Monster Stories


Sometimes the simplest interpretive detail can give us amazing insight into a classic book. A question as basic as “who is the protagonist?” can often unlock the whole story and help us avoid unfortunate misinterpretations.

A teacher reminded me of this idea recently as she described her latest literature assignment. She had instructed her students to compare Mary Shelley’s Frankenstein with Robert Louis Stevenson’s Dr. Jekyll & Mr. Hyde. These two famous stories have some striking similarities and make a great combination for literary discussions and essay assignments.

In Jekyll & Hyde, a good doctor creates a potion that will allow him to separate his evil impulses from his good nature. He tranforms himself at will into Mr. Hyde, a misshapen dwarf who is the embodiment of Jekyll’s basest desires. By giving Hyde full reign to do evil in secret, Jekyll hopes to purge his good nature of evil and enjoy an easy conscience. As time goes on, however, Mr. Hyde grows stronger and bolder, eventually appearing unbidden and threatening to take over Jekyll’s good nature permanently. In the end, the terrified Jekyll is finally consumed by the ever-growing Hyde and both are destroyed.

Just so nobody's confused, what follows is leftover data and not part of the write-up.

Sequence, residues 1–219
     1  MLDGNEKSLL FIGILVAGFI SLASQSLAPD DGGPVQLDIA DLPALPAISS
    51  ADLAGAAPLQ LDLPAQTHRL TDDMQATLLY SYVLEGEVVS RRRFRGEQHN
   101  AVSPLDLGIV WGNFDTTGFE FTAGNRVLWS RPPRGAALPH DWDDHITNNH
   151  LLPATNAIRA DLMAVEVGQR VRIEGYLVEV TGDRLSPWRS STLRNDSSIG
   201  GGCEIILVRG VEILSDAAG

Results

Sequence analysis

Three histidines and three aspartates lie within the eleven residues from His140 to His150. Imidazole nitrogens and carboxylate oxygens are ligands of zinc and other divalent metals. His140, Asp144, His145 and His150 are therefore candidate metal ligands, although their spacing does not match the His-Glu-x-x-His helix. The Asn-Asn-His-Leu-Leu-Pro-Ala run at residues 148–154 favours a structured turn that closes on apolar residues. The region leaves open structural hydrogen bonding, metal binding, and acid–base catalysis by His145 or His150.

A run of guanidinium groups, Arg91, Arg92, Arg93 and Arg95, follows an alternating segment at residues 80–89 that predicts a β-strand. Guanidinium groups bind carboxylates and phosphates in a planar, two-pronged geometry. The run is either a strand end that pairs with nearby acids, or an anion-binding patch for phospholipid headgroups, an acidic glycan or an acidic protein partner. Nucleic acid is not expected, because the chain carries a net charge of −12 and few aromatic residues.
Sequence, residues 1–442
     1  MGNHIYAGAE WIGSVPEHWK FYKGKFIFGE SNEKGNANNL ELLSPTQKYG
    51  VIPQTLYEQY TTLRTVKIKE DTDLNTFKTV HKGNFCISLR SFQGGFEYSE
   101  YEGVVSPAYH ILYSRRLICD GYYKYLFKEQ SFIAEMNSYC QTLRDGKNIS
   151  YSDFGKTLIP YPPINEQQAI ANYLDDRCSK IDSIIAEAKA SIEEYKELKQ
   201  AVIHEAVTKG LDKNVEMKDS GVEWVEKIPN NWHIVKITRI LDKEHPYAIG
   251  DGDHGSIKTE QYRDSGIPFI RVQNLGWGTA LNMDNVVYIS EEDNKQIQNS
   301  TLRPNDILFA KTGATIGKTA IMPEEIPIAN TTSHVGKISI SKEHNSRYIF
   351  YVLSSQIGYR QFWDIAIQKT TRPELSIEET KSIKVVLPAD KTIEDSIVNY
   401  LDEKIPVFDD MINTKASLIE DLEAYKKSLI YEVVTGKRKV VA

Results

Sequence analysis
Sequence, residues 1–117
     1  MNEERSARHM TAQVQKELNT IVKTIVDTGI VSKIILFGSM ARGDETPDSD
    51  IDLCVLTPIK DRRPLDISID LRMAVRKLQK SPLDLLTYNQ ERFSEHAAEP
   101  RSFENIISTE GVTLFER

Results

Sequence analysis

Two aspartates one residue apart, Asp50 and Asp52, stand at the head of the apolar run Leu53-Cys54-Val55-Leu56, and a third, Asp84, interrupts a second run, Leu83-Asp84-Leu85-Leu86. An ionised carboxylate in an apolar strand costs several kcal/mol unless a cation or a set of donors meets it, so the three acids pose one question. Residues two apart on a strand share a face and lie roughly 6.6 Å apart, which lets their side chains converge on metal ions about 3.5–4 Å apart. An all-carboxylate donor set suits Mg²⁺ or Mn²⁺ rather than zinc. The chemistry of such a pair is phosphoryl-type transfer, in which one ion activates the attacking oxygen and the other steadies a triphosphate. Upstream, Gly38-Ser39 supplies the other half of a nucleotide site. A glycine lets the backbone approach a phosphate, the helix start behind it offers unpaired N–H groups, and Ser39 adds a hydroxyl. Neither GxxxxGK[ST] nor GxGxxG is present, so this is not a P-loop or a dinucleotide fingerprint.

In the other story, the young scientist Victor Frankenstein discovers the secret of life and creates a living soul with his own hands. The Creature horrifies him and he violently drives it away. The Creature wanders in the wilderness and suffers similar rejection at the hands of every person it meets. Eventually the Creature returns to confront Frankenstein, demanding that the scientist create a bride with whom it can share companionship. Horrified, Frankenstein refuses and the Creature wreaks its revenge, eventually destroying everyone that Frankenstein loves.

A Common Interpretation

My teacher friend intended to guide her students toward a commonly held opinion about these stories that can be summarized as follows. First, Jekyll & Hyde presents a view of human nature that Christians can support. Since Hyde’s evil ultimately springs from within Jekyll’s own heart, the story is a commentary on original sin and human depravity. It serves as a chilling reminder of the Scripture that warns, “The heart is deceitful above all things, and desperately wicked: who can know it?” (Jeremiah 17:9) Christians obviously approve of this theme and can applaud Stevenson for his skill in illustrating it.